The future energy demand necessitates the exploration of all potential energy sources both onshore and offshore. Global trend has shifted towards offshore energy, which can be obtained from either carbon intensive or renewable options, hence requiring structures such as rigs, platforms, and monopiles. Most of these structures adopt easily installable construction techniques, where lower foundation need to be connected with the super structure by mean of grouted composite joints. Generally, these composite connections have exterior sleeve, interior pile and infill grout. Being located in remote offshore conditions, connections can experience considerable adverse loading during their lifetimes. Degradations were reported inside similar connections, which were installed in last three decades. Besides, grouting in the offshore sites may often be proven difficult, which eventually leads to reduced capacity of connections in the long run. Thus, repair and rehabilitation of such connections should be planned ahead to minimize operational delays and costs in the future. This study aims at characterizing the nature of crack generation in grouted connections and thereby identifying the potential of repair using suitable repair material. Scaled grouted joints were manufactured using a novel mold, and connections were loaded under static load to visualize the main failure pattern. The failure mechanism and loading capacity are found compatible to previous results from earlier literature. Grouted connection was then repaired using cementitious injectable grout. The effectiveness of the repair system is also discussed.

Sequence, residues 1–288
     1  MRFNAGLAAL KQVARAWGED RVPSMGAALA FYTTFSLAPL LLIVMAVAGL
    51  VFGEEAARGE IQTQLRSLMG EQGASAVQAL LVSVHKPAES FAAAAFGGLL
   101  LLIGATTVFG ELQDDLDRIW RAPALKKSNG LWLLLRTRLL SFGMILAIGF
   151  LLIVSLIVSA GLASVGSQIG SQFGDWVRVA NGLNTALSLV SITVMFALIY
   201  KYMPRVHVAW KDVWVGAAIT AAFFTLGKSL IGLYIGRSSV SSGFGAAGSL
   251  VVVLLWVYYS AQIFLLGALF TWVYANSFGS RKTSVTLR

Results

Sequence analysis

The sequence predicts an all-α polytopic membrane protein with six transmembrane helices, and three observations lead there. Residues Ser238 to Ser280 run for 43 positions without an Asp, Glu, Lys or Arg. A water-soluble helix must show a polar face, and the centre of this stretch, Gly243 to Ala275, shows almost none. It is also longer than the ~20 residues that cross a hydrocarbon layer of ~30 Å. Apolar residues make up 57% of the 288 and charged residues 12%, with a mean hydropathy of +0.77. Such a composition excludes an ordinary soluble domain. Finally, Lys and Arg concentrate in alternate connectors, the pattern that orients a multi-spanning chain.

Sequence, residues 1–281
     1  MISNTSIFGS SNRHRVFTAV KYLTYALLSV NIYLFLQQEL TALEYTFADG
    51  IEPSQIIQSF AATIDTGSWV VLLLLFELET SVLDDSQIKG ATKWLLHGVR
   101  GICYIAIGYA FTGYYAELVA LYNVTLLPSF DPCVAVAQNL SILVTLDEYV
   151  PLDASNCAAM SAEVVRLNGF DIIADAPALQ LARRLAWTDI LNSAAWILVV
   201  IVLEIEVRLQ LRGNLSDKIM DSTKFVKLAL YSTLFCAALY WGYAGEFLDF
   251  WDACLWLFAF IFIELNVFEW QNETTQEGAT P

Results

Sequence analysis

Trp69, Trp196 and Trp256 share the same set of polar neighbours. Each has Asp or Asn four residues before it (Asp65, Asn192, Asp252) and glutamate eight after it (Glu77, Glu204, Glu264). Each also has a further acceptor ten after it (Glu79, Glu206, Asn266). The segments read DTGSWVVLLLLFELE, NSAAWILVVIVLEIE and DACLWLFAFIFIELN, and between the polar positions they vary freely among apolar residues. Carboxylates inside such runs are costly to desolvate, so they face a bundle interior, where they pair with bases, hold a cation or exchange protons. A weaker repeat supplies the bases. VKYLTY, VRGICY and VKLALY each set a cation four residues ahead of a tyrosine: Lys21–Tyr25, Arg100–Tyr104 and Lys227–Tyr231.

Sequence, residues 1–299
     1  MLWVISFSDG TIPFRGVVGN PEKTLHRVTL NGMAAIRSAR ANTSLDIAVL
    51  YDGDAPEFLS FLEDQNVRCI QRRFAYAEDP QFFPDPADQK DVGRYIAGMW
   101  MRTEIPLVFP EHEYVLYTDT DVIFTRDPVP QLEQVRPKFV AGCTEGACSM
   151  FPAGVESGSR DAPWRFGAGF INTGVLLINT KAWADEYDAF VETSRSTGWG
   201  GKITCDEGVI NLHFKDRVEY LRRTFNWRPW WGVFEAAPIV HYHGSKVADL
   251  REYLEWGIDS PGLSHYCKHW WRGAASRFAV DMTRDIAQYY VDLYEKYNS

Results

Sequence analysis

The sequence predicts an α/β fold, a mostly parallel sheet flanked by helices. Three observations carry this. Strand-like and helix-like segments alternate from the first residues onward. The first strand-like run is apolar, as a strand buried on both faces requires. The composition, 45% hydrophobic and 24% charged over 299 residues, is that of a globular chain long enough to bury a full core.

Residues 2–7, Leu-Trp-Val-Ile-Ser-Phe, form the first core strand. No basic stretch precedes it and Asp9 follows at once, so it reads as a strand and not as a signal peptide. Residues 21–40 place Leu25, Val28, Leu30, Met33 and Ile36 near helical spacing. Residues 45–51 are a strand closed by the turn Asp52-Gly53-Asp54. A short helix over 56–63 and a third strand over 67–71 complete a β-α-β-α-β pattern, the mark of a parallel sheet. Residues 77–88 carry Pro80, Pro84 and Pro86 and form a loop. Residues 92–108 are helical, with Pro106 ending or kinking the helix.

Current advancement in the modern world is dependent on energy. About 30% growth is expected in energy demand worldwide by the year 2040 (International Energy Agency 2014). Although, oil and gas (O&G) sector may well dominate the global primary energy supply for the rest of this century, energy security issues are directing countries towards renewable energy choices, which can reduce their dependency on fossil fuels as well as achieving sustainable energy future (Larsen & Petersen 2010). Hence, a future of sustainable energy demands substitution of fossil fuels by renewable energy sources around the world. The contribution of renewable energy sources in primary energy use, suggested by the New Policies Scenario, is raised to 18% in 2035 compared to 13% in 2011, where wind energy is expected to provide major share, limiting the rapid growth of traditional fossil fuels (International Energy Agency 2013). In fact, investments towards annual wind energy in 27 European Union member states (EU-27) will reach almost €20 billion with 60% towards offshore productions by 2030 (Krohn et al. 2009). At the end of 2015, Europes collective installed capacity reached 11027 MW across a total of 3230 wind turbines (Ho et al. 2016). Ho et al. also stated that there were 84 offshore wind farms, including sites under construction, in 11 European countries. Therefore, growing energy demand and advancement of technology lead to explore both onshore and offshore locations using wind structures, which are susceptible to adverse loading conditions and costly maintenance.

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